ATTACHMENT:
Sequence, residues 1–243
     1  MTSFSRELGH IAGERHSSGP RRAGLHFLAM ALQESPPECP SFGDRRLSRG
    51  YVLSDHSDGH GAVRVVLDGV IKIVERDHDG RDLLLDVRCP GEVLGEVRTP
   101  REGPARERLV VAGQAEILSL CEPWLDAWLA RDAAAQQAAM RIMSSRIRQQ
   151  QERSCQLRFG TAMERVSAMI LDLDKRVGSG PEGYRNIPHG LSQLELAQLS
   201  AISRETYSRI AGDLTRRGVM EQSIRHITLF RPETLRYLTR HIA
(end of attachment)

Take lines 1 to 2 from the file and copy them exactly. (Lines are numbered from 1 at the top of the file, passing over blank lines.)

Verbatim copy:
Sequence, residues 1–243
     1  MTSFSRELGH IAGERHSSGP RRAGLHFLAM ALQESPPECP SFGDRRLSRG